Flight of the Nighthawks

Flight of the Nighthawks Sorcerer Pug wakes from a nightmare that portends destruction for all of Midkemia and his son Magnus learns the reason a beacon draws an army of alien invaders and nemesis Sidi now Leso Varen In St

  • Title: Flight of the Nighthawks
  • Author: Raymond E. Feist
  • ISBN: 9780060792787
  • Page: 284
  • Format: Hardcover
  • Sorcerer Pug wakes from a nightmare that portends destruction for all of Midkemia, and his son Magnus learns the reason a beacon draws an army of alien invaders, and nemesis Sidi, now Leso Varen In Stardock town, two boys come of age and go deep into the Empire of Great Kesh A dark plot implicates the highest ranking nobles, and the Nighthawks clan of Assassins.

    One thought on “Flight of the Nighthawks”

    1. This was actually the first Feist book I've read and I think it serves as a great introduction to anyone who also hadn't read his other works. Nighthawks still remains one of my favourite Feist books too.

    2. Flight of the Nighthawks has a good narrative that flows rather nicely. However, the plotline is one of Feist's weaker works, resulting in a somewhat meandering and, in the end, cliched style.The book begins focusing on the two boys, Tad and Zane, though somewhere along the line, Feist seemed to forget about them, leaving me wondering why he introduced them in the first place. Identifying a main character toward the end seemed rather difficult as it seemed to be spread out over numerous characte [...]

    3. Wow, Raymond Feist is really phoning it in here. Feist is one of my guilty pleasures as far as books go, and only one of two high fantasy authors I read everything from any more (the other one being George R. R. Martin). That may have to change, though.Flight of the Nighthawks really isn't all that well written, what with half the characters using idioms straight out of the 20th century and with clumsy and distracting phrasing that any editor should have been able to catch. It seems pretty clear [...]

    4. An inauspicious start to this trilogy Feist has this down to a formula, with strict ingredients and instructions. A standard trilogy starter, with cardboard characters and a generic plot. Pug, Miranda, Nakor and Tomas take their usual turns in this fantasy, without much reminding us of why we liked them to begin with. Leso Varen, the mad mage from the previous trilogy, is back and madder than ever. This is a guy who can't die! Some cheap theatrics and poorly written intrigue with the court of Ke [...]

    5. Sok dolgot nemértettem ezzel a könyvel kapcsolatban. De volt benne tipikus kiképzés, világbemutatás mondjuk leso varen továbbra is csapnivaló főgonosz. Nagyon gondolkozom a három és a négy pont között; végül négy pontot fog kapni, de csak mert Feist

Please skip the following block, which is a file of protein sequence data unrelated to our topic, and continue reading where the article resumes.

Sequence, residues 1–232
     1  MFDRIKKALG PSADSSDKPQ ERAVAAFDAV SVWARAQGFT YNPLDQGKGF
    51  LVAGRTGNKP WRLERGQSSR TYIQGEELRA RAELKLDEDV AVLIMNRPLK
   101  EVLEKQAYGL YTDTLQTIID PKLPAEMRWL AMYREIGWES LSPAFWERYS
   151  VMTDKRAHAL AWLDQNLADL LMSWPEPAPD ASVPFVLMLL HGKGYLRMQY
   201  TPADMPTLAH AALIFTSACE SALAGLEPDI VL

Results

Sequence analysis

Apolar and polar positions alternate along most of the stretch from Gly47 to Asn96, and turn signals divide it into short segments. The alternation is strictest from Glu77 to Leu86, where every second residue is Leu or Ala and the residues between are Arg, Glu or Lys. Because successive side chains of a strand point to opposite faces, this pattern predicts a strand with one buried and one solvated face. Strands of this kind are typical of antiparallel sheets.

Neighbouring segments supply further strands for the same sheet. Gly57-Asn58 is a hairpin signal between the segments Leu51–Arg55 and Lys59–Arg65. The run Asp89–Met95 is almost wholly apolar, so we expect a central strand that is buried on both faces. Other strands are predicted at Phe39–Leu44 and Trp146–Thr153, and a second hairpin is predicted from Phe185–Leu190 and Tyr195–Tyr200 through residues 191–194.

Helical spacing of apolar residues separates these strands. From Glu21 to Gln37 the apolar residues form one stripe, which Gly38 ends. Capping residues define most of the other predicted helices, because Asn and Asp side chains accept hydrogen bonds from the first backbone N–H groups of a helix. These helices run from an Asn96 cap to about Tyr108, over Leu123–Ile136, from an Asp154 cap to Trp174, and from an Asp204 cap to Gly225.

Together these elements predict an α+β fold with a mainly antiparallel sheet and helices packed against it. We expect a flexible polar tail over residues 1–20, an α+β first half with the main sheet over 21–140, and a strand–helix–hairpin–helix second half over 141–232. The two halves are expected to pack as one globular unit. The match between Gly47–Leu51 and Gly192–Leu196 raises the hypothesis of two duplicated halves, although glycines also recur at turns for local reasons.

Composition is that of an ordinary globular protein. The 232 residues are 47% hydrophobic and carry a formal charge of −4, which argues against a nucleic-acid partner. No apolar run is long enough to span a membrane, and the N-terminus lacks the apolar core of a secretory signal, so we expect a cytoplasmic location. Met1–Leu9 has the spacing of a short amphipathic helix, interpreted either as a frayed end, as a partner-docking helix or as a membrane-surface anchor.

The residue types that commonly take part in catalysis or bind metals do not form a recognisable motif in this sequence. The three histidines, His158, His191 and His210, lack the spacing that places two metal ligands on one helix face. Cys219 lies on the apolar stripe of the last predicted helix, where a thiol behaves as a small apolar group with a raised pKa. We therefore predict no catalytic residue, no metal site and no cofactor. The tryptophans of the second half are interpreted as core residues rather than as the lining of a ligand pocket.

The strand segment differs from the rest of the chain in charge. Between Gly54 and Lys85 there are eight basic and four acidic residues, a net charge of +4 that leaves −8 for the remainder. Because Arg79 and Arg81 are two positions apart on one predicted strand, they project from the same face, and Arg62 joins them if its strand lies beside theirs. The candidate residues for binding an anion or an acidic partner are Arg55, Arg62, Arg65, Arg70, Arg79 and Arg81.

6. a good start to a new series- good setup for the next novel.was not enthralled with new characters (tad and zane) but loved the fact that pug and nakor have some "screen time" after being largely distant from feist novels for a whilethis is not a series that somebody fresh to feist world can pick up- alot of references to previous books and characters. I also dislike the use of Varen, he had his moments but hopefully will be pushed aside for the dasati

    7. Three things. First, someone should rewrite the preface. This isn't really a story of brothers or assassins. It's more politics and sorcery. Second, this book is alright. It's nothing great, but narration flows nicely and the anticipation to the climax is steady. Third, as warning, as I found out, this book is the first of a saga, but is not something brand new. There are more works, more story already built into the world this story takes place in.

    8. My favorite fantasy author of all time. It's just a joy to read his work, as he continues the story of Pug, and totally keeps you hanging on by having Pug, many books ago, told everyone around him, his loved ones, would die. Amazing character development.

    9. More like 3.5 stars really. A breezy read, interesting without being overly deep. Quite enjoyable, but with many, many jarring typos. The editor of this edition was asleep at the wheel.

    10. Down to Great Kesh we go again. Which is great because the last time I remember was 12 books ago. I LOVED the first chapter of this. Hopefully without spoiling too much, it’s a recreation of the previous part of the series, and I really enjoyed reading it.This book delves a bit more into Pug’s family, which I like as I felt Magnus and Caleb sort of just appeared one book, and I don’t know very well. Which is sad considering this world has so many books.A few new characters are not particul [...]

    11. This book has a pretty good story. I wasn't blown away but I enjoyed meeting all old characters. The story was still quite fast paced with minimum moments when Pug and Nakor ponder about a philosophy of magic. Unfortunately, the stories are becoming a bit repetitive. They are not completely the same but you can recognize the pattern. You can then predict where the direction of the story is heading and you are not as surprised as you should be. I'm Midkemia fan so I don't regret my time with the [...]

    12. I only managed to get to page 258 before I truly stopped caring. I'm counting this as finished. This writing style doesn't work for me, and to be honest, I couldn't care less about the characters.Dont get me wrong, its not awful, I did manage to get over half way. But then I put it down one day and its been months since I even bothered to pick it back up. I tried again tonight and I just don't care enough to keep trying.

    13. Quite like this one, though it does feel a bit rushed at times. We spend a lot of time with Caleb (Pug's son) and his adopted sons Tad and Zane investing the doing's of Leso Varen in Kesh, where he is hiding after the fall of Olasko.We also get introduced to Ralan Bek, one of the more interesting characters (and a rather important one), nicely stepping up the next few books